Introductory Chemistry: A Foundation - Zumdahl S.S., DeCoste D.J. 2019
Chemistry: An Introduction
Solving Problems Using a Scientific Approach
· To understand scientific thinking.
One of the most important things we do in everyday life is solve problems. In fact, most of the decisions you make each day can be described as solving problems.
It’s 8:30 a.m. on Friday. Which is the best way to drive to school to avoid traffic congestion?
You have two tests on Monday. Should you divide your study time equally or allot more time to one than to the other?
Your car stalls at a busy intersection, and your little brother is with you. What should you do next?
These are everyday problems of the type we all face. What process do we use to solve them? You may not have thought about it before, but there are several steps that almost everyone uses to solve problems:
1. Recognize the problem and state it clearly. Some information becomes known, or something happens that requires action. In science we call this step making an observation.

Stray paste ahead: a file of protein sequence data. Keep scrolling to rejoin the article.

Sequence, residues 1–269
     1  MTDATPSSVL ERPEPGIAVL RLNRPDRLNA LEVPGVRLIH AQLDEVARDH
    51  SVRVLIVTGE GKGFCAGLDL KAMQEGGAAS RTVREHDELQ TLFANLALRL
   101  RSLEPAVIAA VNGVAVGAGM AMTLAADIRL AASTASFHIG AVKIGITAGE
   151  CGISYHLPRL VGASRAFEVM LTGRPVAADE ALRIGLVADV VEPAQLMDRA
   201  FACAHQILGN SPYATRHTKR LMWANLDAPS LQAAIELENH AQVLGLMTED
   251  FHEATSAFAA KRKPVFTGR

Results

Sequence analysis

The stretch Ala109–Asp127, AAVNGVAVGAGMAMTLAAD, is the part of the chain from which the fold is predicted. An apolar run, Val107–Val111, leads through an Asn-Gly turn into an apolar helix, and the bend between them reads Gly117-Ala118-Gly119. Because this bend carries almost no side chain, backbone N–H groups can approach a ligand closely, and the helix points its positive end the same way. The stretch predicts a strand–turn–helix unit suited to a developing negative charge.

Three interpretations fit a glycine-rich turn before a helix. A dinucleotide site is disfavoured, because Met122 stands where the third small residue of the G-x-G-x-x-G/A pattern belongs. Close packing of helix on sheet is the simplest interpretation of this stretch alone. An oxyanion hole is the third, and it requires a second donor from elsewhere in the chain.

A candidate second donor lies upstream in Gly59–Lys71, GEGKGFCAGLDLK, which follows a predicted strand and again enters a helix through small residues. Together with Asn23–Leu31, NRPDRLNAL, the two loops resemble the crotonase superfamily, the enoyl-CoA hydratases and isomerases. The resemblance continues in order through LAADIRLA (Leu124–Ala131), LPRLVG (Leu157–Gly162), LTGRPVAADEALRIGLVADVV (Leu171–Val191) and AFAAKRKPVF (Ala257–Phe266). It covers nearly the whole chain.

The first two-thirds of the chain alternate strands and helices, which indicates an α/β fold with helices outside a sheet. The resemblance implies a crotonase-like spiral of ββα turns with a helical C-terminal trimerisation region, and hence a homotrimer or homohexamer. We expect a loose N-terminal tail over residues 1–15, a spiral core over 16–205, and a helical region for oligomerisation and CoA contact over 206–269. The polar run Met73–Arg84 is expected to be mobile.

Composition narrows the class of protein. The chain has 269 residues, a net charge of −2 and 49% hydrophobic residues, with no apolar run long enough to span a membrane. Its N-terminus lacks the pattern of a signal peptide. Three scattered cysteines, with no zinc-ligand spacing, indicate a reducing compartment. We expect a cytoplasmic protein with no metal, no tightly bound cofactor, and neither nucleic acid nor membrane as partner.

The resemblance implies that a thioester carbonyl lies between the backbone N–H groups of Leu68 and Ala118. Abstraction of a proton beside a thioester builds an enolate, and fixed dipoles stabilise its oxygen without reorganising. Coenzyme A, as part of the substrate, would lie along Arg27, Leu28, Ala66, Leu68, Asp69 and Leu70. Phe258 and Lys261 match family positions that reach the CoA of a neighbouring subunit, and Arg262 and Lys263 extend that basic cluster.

2. Propose possible solutions to the problem or possible explanations for the observation. In scientific language, suggesting such a possibility is called formulating a hypothesis.
3. Decide which of the solutions is the best or decide whether the explanation proposed is reasonable. To do this we search our memories for any pertinent information, or we seek new information. In science we call searching for new information performing an experiment.
As we will discover in the next section, scientists use these same procedures to study what happens in the world around us. The important point here is that scientific thinking can help you in all parts of your life. It’s worthwhile to learn how to think scientifically—whether you want to be a scientist, an auto mechanic, a doctor, a politician, or a poet!